1318 Nerina

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1318 Nerina
Discovery [1]
Discovered by C. Jackson
Discovery site Johannesburg Obs.
Discovery date 24 March 1934
Designations
MPC designation (1318) Nerina
Pronunciation /nɪˈrnɑː/
Named after
Nerine[2]
(flowering plant)
1934 FG · 1955 FA
main-belt · (inner)
Phocaea[3][4]
Orbital characteristics[5]
Epoch 23 March 2018 (JD 2458200.5)
Uncertainty parameter 0
Observation arc 84.16 yr (30,740 d)
Aphelion 2.7778 AU
Perihelion 1.8368 AU
2.3073 AU
Eccentricity 0.2039
3.50 yr (1,280 d)
346.11°
0° 16m 52.32s / day
Inclination 24.663°
358.33°
196.24°
Physical characteristics
Mean diameter
10.68±0.72 km[6]
13.02±0.6 km[7]
13.272±0.213 km[8][9]
2.5280±0.0005 h[10]
0.176±0.023[8][9]
0.1811[7]
0.269[6]
M[11] · S (assumed)[12]
X (S3OS2-TH)[13]
Xe (S3OS2-BB)[13]
11.90[6][7][8][11]
12.20[1][5][12][14]

1318 Nerina (/nɪˈrnɑː/), provisional designation 1934 FG, is a Phocaea asteroid from the inner regions of the asteroid belt, approximately 13 kilometers (8 miles) in diameter. It was discovered on 24 March 1934, by South African astronomer Cyril Jackson at the Union Observatory in Johannesburg.[1] The possibly metallic X-type asteroid has a notably short rotation period of 2.5 hours.[12] It was named for the flowering plant Nerine, also known as "Guernsey lily" or "Jersey lily".[2]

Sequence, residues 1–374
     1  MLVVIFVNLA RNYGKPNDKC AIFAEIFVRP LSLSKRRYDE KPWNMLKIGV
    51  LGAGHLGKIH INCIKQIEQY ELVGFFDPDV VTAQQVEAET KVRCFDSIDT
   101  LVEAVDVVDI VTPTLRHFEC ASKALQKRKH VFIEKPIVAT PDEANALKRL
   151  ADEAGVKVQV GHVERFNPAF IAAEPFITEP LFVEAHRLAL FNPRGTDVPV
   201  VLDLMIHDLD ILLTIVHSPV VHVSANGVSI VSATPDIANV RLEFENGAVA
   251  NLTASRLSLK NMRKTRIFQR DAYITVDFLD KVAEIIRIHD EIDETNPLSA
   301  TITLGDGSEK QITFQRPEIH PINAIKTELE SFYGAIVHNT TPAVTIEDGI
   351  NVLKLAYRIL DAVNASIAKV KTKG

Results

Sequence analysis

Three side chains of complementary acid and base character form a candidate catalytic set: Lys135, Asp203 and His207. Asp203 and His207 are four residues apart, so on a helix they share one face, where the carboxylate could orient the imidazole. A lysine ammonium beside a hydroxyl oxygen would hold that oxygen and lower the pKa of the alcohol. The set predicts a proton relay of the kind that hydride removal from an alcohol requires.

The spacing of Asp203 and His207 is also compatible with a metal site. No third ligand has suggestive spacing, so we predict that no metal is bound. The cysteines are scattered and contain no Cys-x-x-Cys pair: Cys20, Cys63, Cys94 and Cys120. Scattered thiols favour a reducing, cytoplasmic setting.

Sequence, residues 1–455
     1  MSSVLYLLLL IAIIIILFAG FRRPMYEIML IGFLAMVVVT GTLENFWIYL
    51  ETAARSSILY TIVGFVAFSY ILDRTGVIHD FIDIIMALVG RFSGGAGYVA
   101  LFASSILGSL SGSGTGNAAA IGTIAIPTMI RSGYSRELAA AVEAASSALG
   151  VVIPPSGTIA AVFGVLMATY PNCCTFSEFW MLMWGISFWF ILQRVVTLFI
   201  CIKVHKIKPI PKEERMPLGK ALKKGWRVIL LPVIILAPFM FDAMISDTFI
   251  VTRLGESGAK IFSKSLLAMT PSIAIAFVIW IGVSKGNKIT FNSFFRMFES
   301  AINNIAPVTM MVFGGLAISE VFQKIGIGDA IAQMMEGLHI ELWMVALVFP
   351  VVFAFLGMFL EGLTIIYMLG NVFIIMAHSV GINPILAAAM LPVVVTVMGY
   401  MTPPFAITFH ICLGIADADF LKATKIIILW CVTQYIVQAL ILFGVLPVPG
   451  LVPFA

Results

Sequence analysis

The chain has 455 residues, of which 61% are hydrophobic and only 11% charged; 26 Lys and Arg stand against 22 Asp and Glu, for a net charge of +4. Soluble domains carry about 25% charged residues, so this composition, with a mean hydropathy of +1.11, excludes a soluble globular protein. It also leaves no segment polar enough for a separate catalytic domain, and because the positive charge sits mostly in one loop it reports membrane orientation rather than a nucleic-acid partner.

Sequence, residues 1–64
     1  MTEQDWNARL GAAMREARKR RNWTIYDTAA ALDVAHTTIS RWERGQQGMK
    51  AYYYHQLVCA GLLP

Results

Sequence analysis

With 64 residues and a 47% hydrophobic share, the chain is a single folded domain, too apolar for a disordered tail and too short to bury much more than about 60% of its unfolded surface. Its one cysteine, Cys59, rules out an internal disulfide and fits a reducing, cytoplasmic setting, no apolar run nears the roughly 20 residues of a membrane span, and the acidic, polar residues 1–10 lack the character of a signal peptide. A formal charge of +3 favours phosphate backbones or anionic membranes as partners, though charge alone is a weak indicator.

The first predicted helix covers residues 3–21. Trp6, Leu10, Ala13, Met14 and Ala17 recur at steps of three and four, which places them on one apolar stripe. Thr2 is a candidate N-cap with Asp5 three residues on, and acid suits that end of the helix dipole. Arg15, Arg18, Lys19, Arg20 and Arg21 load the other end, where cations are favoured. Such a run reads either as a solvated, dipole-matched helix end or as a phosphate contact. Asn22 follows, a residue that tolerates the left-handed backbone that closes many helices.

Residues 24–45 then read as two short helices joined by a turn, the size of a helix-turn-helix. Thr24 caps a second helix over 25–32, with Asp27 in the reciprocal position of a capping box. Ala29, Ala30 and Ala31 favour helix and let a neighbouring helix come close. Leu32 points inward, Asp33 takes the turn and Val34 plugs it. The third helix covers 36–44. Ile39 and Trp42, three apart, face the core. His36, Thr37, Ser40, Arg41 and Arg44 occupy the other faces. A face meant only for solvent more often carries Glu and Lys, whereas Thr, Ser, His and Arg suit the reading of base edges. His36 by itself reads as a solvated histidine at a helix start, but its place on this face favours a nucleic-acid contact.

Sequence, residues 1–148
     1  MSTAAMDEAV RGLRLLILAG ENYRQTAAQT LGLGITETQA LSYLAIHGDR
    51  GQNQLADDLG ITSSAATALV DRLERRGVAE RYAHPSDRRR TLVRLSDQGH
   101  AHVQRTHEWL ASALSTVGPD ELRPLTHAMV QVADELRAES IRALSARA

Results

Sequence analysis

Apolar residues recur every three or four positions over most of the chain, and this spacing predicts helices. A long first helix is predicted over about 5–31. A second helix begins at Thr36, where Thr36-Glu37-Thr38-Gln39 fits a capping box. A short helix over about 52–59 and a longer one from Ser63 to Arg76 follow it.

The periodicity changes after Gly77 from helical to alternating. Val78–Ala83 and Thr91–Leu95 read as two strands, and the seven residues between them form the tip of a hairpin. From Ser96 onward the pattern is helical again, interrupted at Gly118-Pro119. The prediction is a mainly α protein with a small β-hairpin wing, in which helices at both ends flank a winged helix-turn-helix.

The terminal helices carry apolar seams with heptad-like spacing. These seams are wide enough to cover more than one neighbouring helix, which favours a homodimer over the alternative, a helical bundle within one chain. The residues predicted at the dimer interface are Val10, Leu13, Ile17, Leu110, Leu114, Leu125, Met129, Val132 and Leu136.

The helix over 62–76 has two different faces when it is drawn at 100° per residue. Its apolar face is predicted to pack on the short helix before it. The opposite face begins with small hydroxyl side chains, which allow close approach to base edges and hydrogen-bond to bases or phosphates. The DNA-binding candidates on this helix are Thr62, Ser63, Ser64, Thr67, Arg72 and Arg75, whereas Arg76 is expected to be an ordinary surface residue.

Orbit and classification[edit]

Nerina is a core member of the stony Phocaea family (701),[3][4] an asteroid family with nearly two thousand members, named after its largest member, 25 Phocaea.[15]:23 It orbits the Sun in the inner main-belt at a distance of 1.8–2.8 AU once every 3 years and 6 months (1,280 days; semi-major axis of 2.31 AU). Its orbit has an eccentricity of 0.20 and an inclination of 25° with respect to the ecliptic.[5] The body's observation arc begins with its official discovery observation at Johannesburg in March 1934.[1]

Naming[edit]

This minor planet was named after the bulbous herb Nerine, native to South Africa (it is also known as Guernsey lily, spider lily or Jersey lily) a genus of flowering plants within the Amaryllidaceae family. The official naming citation was mentioned in The Names of the Minor Planets by Paul Herget in 1955 (H 120).[2] Several asteroids were named after plants, in particular flowering plants (also see list of minor planets named after animals and plants).

Physical characteristics[edit]